Photo by: Whole Foods Market

Now that about 12 unrelated people have asked me about baked oatmeal–and 1 of them even brought me a sample (yum!)–I decided to test it out for myself.

Oatmeal in itself (even the 1 1/2-minute-in-the-microwave-old-fashioned kind) can be too time-consuming in the morning (I know, what has our busy world come to?!). And as you smarties already know, oats contain more soluble fiber than any other grain. Soluble Fiber is the champion at lowering bad LDL cholesterol. It works like this: Soluble fiber reduces the amount of bile reabsorbed in the intestines, which means more bile is excreted through bathroom activities. The liver panics and snatches LDL cholesterol out of the bloodstream to make more bile salts. Down goes your LDL cholesterol number, and your doc starts smiling again. Take home message: Eat more oats. Capiche?

Now back to the recipe at hand. This version takes about 40 minutes and can be made on a Sunday night and packaged up to be inhaled while biking, walking, or sleep-walking to work. It pretty much feels like an indulgent coffee cake. Have it for dessert!

Modified from the original version on About.com here, this one has less sugar and all the taste.

All-The-Rage Baked Oatmeal
Makes 8 servings

Prep Time: 5 minutes
Cooking Time: 40 minutes

3 Tbsp flaxseed meal (finely ground flax seeds)
1/4 cup warm filtered water
2 cups quick-cooking oats
1 cup rolled oats
1/2 cup packed brown sugar (optional)
2 tsp baking powder
1/2 tsp cinnamon
3/4 tsp salt
1/4 tsp ground ginger
1 cup unsweetened almond milk or soy milk
2 Tbsp melted Earth Balance margarine
1/2 cup fresh blueberries (preferably organic)
6 chopped fresh strawberries (preferably organic)

1. Preheat the oven to 350 F. Lightly oil an 8″ square or round baking pan.

2. In a small bowl, combine the flax meal with the warm water until the mixture forms a gel (about 5 minutes). Set aside.

3. In a medium-sized bowl, combine the quick-cooking oats, rolled oats, brown sugar, baking powder, cinnamon, salt and ginger. Set aside.  In another small mixing bowl, whisk together the almond milk and melted margarine. Add this to the dry ingredients, followed by the flax mixture. Stir until just combined. Fold in the blueberries and strawberries until evenly distributed.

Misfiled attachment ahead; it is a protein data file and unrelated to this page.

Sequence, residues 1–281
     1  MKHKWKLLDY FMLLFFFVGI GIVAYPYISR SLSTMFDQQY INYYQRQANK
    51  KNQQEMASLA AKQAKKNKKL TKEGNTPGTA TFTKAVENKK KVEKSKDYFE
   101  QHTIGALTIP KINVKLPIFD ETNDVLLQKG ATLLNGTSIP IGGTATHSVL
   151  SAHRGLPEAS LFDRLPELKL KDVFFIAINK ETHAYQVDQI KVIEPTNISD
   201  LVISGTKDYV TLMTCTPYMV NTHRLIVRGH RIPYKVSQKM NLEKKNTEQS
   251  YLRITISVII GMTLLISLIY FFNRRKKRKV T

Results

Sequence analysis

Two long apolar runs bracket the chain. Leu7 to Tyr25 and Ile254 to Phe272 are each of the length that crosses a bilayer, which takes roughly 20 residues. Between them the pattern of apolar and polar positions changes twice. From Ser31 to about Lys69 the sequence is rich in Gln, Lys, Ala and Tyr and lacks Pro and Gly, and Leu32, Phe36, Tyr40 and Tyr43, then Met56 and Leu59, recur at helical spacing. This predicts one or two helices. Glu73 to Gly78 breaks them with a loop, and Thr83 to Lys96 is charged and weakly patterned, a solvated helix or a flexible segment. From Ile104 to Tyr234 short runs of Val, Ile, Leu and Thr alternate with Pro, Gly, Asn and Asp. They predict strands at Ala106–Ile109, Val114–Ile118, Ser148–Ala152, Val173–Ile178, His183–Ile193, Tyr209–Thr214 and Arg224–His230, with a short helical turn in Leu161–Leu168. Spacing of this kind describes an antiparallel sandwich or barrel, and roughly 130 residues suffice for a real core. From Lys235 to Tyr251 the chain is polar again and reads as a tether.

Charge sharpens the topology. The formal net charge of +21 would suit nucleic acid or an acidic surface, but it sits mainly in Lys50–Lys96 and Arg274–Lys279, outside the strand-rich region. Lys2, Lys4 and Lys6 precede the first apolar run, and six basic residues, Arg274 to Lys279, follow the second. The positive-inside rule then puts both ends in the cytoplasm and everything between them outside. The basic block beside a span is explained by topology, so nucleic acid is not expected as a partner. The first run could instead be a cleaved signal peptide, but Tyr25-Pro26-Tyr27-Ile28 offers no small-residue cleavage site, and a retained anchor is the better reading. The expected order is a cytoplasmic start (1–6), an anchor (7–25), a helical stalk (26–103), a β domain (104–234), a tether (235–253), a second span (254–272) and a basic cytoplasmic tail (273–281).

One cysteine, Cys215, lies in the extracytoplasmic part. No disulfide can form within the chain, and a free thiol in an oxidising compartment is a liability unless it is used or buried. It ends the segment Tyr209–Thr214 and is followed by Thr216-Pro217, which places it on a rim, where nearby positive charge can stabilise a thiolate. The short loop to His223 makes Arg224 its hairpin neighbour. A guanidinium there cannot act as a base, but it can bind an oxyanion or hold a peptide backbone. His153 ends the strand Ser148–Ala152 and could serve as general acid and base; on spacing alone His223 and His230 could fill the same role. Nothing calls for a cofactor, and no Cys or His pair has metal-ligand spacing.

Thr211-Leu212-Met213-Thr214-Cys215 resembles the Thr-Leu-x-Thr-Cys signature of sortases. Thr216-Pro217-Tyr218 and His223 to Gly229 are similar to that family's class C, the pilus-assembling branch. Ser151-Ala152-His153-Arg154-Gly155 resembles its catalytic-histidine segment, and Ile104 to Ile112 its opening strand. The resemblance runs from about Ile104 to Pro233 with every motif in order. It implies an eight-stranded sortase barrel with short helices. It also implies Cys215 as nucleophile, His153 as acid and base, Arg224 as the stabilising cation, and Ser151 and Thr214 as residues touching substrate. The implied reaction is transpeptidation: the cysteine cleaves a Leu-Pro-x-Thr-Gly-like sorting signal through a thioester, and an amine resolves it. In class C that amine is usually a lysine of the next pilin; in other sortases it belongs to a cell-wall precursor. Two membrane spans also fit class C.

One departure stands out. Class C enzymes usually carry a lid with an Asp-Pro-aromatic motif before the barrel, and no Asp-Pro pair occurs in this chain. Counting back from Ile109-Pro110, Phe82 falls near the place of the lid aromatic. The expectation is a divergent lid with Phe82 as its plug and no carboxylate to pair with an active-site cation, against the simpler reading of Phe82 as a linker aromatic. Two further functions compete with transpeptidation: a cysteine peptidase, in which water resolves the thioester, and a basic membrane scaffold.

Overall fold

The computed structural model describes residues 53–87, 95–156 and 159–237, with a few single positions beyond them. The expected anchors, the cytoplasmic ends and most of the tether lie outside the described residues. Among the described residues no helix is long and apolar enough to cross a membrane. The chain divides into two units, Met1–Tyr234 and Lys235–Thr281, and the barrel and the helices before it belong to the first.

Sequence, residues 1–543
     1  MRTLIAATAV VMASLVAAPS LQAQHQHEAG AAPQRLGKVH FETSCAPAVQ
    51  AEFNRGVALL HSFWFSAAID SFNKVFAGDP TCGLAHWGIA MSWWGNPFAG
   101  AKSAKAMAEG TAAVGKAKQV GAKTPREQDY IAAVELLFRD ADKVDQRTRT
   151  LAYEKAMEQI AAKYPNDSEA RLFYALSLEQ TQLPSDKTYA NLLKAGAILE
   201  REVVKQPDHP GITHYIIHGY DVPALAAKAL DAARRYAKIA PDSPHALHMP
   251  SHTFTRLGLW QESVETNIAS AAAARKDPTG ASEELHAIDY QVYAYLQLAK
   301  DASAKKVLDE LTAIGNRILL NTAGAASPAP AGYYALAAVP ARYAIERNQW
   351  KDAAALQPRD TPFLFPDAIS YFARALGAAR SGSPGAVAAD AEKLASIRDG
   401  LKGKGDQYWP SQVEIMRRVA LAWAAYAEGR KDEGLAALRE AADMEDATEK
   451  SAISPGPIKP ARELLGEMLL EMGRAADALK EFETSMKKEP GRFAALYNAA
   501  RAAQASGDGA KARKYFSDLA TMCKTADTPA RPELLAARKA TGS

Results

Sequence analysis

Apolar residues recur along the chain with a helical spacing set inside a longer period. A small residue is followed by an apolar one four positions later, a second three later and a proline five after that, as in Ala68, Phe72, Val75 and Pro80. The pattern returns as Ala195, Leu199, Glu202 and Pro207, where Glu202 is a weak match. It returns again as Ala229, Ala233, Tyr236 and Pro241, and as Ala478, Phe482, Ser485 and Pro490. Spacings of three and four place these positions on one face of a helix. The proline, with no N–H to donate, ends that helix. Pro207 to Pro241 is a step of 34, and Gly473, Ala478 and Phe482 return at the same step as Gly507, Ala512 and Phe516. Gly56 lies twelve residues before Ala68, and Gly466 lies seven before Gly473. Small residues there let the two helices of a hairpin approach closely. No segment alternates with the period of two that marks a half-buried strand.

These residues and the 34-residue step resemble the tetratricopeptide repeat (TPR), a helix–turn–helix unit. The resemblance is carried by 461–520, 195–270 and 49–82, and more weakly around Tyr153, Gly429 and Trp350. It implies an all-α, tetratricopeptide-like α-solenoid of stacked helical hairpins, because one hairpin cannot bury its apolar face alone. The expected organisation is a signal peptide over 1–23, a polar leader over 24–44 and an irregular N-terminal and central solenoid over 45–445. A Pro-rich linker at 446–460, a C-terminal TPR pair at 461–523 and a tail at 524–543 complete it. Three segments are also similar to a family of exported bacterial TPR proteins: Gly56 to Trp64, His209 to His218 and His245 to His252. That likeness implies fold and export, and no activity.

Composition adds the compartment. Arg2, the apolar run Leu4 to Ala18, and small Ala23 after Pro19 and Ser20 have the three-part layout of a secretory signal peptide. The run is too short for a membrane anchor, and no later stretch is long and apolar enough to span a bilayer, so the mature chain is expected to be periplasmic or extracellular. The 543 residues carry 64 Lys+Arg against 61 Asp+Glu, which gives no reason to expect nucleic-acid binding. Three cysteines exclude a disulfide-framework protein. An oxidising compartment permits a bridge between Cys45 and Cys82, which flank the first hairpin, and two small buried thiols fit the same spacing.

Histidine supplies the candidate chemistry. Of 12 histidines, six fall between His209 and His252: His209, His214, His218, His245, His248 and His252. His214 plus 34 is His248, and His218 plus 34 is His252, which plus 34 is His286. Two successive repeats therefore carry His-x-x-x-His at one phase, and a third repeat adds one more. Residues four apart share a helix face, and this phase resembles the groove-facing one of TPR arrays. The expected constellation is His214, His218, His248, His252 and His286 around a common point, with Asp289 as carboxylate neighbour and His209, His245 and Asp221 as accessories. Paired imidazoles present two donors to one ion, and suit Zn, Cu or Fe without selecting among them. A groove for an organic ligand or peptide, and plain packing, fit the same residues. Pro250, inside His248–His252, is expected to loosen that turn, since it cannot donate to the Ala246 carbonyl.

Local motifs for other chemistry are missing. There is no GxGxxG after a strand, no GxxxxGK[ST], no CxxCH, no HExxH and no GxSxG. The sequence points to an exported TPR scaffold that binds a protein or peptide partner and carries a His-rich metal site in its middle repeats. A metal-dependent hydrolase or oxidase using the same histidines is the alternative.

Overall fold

4. Spread the mixture in the prepared pan and bake for 35-40 minutes, or until a toothpick inserted in the center emerges clean. Cut into 8 squares and serve warm with almond milk or soy milk.

NUTRITION INFO PER SERVING (including brown sugar): 219 calories, 6 g fat, 1.5 g saturated fat, 0 mg cholesterol, 48 g carbohydrate, 5.5 g fiber, 20 g sugar, 5.5 g protein, 1.5% vitamin A, 10.5% vitamin C, 13.5% calcium, 14% iron.

Leave the brown sugar out for an even lower sugar version. Enjoy this with herbal tea and more fruit for a high-powered way to start the day. Happy oat-ing!

Bigger Breakfast = Better Life

Eggless Eggs with Whole Grain Toast, Orange Wedges, and Fruit Juice

“Breaking the fast” in a big way is perhaps the best tactic in curbing daily cravings, controlling appetite, losing weight and maintaining weight loss, and staying happy, according to a new study out of Tel Aviv. Researchers found that a 600-calorie breakfast which even included something indulgent like chocolate cake (!!) compared to a low-carb 300-calorie breakfast, was significantly more successful at helping obese individuals lose weight over a 7-month period. Not only did the breakfast indulgers lose weight, but the bigger breakfast also helped them maintain their health focus and happiness because they weren’t depriving themselves of chocolatey love and great nutrients in general.

The study deets: A group of nearly 200 obese women and men were divided into 2 groups and  required to eat the same calories each day: 1400 for women, and 1600 for men. The only difference was that one group ate a low-carb, 300-calorie breakfast (aka the “Skimpy Breakfast Group”), and the other group (aka the “Big Breakfast Group”) ate a balanced 600-calorie breakfast which included cookies, cake, or chocolate. Both groups lost an average of 33 lbs per person for the first half of the study. However, for the second half of the study, the Skimpy Breakfast Group REGAINED 22 lbs per person on average, whereas the Big Breakfast Group lost an additional 15 lbs per person, making their total weight loss 40 lbs MORE per person than the Skimpy Breakfast Group at the end of the study.